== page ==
Altovise Ewing, PhD, LCGC, Medical Science Liaison, 23andMe
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Our Medical Education program supports HCPs who want to incorporate DTC genetic testing into patient care. By learning more about our service, HCPs will be more prepared to have meaningful conversations with their patients who want to discuss 23andMe reports.
GeneReviews provides clinically relevant and medically actionable information for inherited conditions in a standardized, journal-style format, covering diagnosis, management and genetic counseling for patients and their families.
Genetics/Genomics Competency Center (G2C2) provides high-quality educational resources for group instruction or self-directed learning in genetics/genomics by healthcare educators and practitioners.
Find a Genetic Counselor assists physicians, patients and genetic counselors in accessing genetic counseling services.
Genetics Home Reference provides consumer-friendly information about the effects of genetic variation on human health.
23andMe Education modules explain key genetics concepts consumers need to know in order to get the most out of 23andMe reports.
23andMe Help Center provides information about reports and tools as well as answers to any frequently asked questions. Customers can also contact our dedicated Customer Care Team here.
23andMe Blog posts relevant content in ancestry, health and traits, 23andMe research, 23andMe customer stories, news and announcements and more.
23andMe supports independent medical education to advance the understanding of genetics in healthcare, engage healthcare professionals in genetics education and enhance healthcare professionals’ readiness for integration of genetics into clinical care. Education grants are awarded in compliance with industry guidelines.
23andMe considers proposals for independent medical education activities, including webinars, grand rounds, online courses, workshops and symposia from eligible healthcare organizations and medical education providers.
Contact healthcaregrants@23andMe.com for more information.
*The 23andMe PGS test uses qualitative genotyping to detect clinically relevant variants in the genomic DNA of adults from saliva for the purpose of reporting and interpreting genetic health risks and reporting carrier status. The relevance of each report varies based on ethnicity. Each genetic health risk report describes if a person has variants associated with a higher risk of developing a disease, but does not describe a person’s overall risk of developing the disease. Our carrier status reports can be used to determine carrier status, but cannot determine if an individual has two copies of any genetic variant. These carrier reports are not intended to tell an individual anything about risk for developing a disease in the future or anything about the health of a fetus, or newborn child’s risk of developing a particular disease later in life. For certain conditions, we provide a single report that includes information on both carrier status and genetic health risk. These reports are intended to provide genetic information that can be used to inform lifestyle decisions and conversations with healthcare professionals, but are not intended to diagnose disease, determine medical treatment or medical intervention including whether to take a medication or how much of a medication to take, or tell the user anything about their current state of health. Any diagnostic or treatment decisions must be based on confirmatory prescription testing and/or other information that you determine to be appropriate for your patient, such as additional clinical testing and other risk factors that may affect individual risk and health care. Warnings & Limitations: The 23andMe PGS Genetic Health Risk Report for BRCA1/BRCA2 (Selected Variants) is indicated for reporting of the 185delAG and 5382insC variants in the BRCA1 gene and the 6174delT variant in the BRCA2 gene. The report describes if a woman is at increased risk of developing breast and ovarian cancer, and if a man is at increased risk of developing breast cancer or may be at increased risk of developing prostate cancer. The three variants included in this report are most common in people of Ashkenazi Jewish descent and do not represent the majority of BRCA1/BRCA2 variants in the general population. This report does not include variants in other genes linked to hereditary cancers and the absence of variants included in this report does not rule out the presence of other genetic variants that may impact cancer risk. The PGS test is not a substitute for visits to a healthcare professional for recommended screenings or appropriate follow-up. Results should be confirmed in a clinical setting before taking any medical action.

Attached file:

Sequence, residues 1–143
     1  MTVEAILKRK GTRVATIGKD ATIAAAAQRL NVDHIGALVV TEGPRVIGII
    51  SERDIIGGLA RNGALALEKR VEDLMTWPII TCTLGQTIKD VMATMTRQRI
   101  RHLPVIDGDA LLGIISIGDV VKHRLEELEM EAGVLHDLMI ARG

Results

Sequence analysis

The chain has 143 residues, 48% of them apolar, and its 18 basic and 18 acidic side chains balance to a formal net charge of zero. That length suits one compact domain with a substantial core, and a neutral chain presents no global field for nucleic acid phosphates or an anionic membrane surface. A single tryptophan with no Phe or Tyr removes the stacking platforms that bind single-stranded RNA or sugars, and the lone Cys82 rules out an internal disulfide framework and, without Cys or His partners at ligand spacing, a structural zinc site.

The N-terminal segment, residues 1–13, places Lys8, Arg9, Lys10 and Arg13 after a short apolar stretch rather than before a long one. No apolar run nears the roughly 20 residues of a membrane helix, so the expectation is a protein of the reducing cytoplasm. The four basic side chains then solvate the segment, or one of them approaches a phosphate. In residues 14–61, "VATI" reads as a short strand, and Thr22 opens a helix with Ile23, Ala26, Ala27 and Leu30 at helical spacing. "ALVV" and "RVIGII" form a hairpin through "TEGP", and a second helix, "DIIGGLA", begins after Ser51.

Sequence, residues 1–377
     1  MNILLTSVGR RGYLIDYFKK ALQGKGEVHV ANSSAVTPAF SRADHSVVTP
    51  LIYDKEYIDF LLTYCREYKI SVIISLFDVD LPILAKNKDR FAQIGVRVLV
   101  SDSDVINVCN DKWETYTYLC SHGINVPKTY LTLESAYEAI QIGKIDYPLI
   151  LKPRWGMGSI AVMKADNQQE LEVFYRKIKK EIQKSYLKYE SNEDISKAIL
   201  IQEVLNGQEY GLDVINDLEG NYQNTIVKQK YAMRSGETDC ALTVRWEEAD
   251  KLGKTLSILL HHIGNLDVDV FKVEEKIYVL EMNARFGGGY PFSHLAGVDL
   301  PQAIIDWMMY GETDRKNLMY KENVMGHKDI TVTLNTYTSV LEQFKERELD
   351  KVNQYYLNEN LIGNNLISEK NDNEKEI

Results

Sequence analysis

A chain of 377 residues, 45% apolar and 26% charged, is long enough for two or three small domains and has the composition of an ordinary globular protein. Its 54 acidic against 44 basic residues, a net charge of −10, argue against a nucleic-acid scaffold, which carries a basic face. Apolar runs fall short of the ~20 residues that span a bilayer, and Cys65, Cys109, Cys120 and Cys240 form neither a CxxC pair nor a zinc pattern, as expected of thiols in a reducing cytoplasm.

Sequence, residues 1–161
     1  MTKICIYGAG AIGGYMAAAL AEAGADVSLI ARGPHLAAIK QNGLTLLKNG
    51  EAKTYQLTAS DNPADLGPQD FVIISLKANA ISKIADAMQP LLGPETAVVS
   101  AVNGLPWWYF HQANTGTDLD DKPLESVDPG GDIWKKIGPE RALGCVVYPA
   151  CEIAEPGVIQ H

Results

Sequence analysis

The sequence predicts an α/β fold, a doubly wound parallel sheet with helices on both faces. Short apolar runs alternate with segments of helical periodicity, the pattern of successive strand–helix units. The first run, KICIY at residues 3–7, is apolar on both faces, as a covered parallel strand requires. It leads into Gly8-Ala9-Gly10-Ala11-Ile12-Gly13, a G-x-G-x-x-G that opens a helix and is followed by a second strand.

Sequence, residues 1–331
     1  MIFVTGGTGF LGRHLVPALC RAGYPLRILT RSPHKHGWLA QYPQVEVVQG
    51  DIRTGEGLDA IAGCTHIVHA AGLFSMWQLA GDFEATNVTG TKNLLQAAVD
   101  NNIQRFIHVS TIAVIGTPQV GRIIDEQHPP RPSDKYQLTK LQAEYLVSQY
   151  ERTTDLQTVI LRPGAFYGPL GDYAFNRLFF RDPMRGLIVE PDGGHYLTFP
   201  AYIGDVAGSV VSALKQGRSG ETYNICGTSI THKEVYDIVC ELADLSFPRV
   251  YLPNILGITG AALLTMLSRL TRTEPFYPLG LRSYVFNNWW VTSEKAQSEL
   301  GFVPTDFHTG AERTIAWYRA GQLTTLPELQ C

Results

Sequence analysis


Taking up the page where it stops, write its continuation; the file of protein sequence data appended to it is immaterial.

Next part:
For important information and limitations regarding other genetic health risk reports and carrier status reports, visit https://www.23andme.com/test-info/.